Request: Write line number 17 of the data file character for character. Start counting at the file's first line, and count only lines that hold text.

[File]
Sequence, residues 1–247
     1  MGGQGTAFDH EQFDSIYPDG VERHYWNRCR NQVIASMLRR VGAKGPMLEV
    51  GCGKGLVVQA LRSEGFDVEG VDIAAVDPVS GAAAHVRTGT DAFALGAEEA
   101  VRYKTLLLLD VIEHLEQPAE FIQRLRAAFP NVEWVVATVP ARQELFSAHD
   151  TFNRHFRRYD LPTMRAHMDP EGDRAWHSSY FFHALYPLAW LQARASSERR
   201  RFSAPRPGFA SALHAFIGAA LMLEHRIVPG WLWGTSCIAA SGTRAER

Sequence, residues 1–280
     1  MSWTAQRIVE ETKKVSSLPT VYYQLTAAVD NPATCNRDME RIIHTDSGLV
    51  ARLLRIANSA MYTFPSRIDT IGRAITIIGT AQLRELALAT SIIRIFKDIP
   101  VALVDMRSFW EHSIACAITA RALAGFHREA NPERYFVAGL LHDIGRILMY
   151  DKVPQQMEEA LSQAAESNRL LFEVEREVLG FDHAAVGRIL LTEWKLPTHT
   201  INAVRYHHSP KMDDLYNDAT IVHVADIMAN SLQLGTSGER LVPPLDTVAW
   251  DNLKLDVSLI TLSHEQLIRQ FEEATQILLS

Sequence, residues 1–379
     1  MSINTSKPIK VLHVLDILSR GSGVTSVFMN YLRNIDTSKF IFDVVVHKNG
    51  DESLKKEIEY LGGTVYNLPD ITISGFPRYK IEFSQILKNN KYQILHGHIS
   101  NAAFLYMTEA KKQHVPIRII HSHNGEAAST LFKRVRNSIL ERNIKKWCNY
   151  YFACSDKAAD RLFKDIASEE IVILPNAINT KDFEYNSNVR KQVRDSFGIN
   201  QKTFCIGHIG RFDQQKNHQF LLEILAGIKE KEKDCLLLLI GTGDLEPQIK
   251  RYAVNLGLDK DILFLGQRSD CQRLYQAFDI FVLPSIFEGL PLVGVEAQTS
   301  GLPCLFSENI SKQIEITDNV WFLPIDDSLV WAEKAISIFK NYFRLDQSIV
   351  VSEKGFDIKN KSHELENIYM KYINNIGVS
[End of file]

   101  NAAFLYMTEA KKQHVPIRII HSHNGEAAST LFKRVRNSIL ERNIKKWCNY